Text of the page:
The model traces the 21-year opioid crisis to better understand its evolving nature and guide a country’s policy response

A team of scientists from Massachusetts General Hospital (MGH) has developed a data-driven simulation model designed to help policymakers better understand and address the nation’s rampant opioid crisis. In a study from the journal PNAS, The researchers report that the model, known as SOURCE (Simulating Opioid Use, Response, Consequences, and Effects), provides the most detailed model to date of the crisis by capturing how the stages of drug prescribing and illicit opioid use interrelate, from initiation and treatment of addiction to relapse and dose-related deaths. Excess, may have developed over time.

“The opioid crisis is so complex that it requires a dynamic simulation tool capable of generating reliable data and a comprehensive view of this major public health challenge,” says lead author Mohamed Jalali, PhD, of the MGH Institute for Technology Assessment. “SOURCE provides a dynamic understanding of the course of the opioid crisis that can serve as a framework for planning future scenarios and inform public policy planning.”

Opioid overdoses have been responsible for more than half a million deaths in the United States over the past 21 years. Opioid-related deaths have risen sharply since 2013, claiming nearly 70,000 lives in 2020 alone, in large part due to the illicit spread of fentanyl, a strong opioid often mixed with heroin with a deadly effect. Millions of people suffer from opioid use disorders, with serious health, social, and economic consequences for the country. In 2017, the National Academies of Sciences, Engineering, and Medicine called for the development of a quantitative system model to help understand the crisis and guide policy analysis and decision-making. In response, a team of researchers from MGH and the US Food and Drug Administration (FDA) developed SOURCE.

SOURCE uses national opioid use data from 1999 to 2020 to track stages of opioid use and abuse, including initiation of use, treatment, relapse, and death by overdose. “Unlike other national models of the crisis, SOURCE reiterates how risks of opioid use have evolved over time in response to diverse behavioral and other factors, and how they may change in the future, providing a platform for viewing and analyzing potential policy impacts and solutions,” says co-author Tse Yang. Lim, Ph.D., from the Massachusetts Institute of Technology (MIT).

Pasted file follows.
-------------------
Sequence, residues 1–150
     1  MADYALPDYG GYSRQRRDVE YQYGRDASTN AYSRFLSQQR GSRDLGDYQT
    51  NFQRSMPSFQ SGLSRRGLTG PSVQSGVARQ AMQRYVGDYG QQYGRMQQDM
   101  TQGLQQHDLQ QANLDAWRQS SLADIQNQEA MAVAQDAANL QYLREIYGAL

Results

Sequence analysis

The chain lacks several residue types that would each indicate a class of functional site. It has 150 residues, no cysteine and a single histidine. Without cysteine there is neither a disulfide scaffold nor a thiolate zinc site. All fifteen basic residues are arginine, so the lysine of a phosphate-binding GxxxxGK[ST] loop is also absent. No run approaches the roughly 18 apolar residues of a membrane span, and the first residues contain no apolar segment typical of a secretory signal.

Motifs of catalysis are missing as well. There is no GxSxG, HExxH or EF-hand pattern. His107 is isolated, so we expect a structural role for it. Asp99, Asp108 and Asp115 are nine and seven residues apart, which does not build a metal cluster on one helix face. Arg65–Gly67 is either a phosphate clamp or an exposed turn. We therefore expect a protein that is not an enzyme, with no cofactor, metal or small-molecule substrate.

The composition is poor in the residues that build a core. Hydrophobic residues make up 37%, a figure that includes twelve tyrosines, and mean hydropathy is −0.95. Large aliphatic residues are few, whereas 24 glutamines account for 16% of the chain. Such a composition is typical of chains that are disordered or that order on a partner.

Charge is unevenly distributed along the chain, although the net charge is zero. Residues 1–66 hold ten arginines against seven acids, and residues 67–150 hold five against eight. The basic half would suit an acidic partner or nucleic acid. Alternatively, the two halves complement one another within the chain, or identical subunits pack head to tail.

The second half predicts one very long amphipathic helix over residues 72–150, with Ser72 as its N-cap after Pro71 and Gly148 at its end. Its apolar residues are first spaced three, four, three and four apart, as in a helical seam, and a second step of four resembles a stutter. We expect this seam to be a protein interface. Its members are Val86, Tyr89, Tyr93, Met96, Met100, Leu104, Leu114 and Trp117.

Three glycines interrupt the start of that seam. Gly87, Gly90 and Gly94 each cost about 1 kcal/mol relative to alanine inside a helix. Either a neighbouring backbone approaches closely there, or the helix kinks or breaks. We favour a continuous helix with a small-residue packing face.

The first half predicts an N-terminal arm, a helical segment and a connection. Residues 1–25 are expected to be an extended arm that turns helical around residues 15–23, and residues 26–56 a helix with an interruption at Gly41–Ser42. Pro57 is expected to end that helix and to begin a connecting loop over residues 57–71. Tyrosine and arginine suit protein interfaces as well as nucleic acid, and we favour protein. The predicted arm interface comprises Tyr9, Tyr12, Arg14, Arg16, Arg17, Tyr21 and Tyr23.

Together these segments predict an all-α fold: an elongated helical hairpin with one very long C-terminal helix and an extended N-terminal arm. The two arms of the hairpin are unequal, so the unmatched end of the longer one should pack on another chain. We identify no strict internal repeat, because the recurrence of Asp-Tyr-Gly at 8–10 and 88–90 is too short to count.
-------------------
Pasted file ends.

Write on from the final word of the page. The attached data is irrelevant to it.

Among the factors driving these changes are social influence—that is, the prevalence of drug-use behaviors through social exposure—and risk perception, and fear of a perceived risk of death by overdose that can discourage initiation of drug use. The source also identified the effect of the increased distribution of reversible overdose naloxone, as well as the prevalence of the potentially fatal synthetic fentanyl, on overdose mortality rates. Overall, SOURCE predicts that deaths from opioid overdose will increase over the next few years before declining as opioid use disorder declines.

Using SOURCE, researchers study potential strategies for dealing with the opioid crisis as part of an ongoing modeling effort, while continuing to refine the model to reflect the ever-evolving nature of the crisis. “Despite the projected decline, opioid-related deaths over the next 10 years will still exceed half a million people,” notes co-author Erin Stringfellow, PhD, with MGH. “Fentanyl poisoning by the unregulated drug supply will continue to be a serious problem, which is why leaders across the country must work as hard as possible to keep people who use drugs safe.”

Jalali is an assistant professor at Harvard Medical School. Tse Yang Lim recently graduated with a Ph.D. from the Massachusetts Institute of Technology. Stringfellow is a postdoctoral research associate at the MGH Institute for Technology Assessment. Co-authors include Keith Humphreys, professor and director of the Division of Mental Health Policy at Stanford University, and several Food and Drug Administration researchers.

The study was supported by the US Food and Drug Administration.

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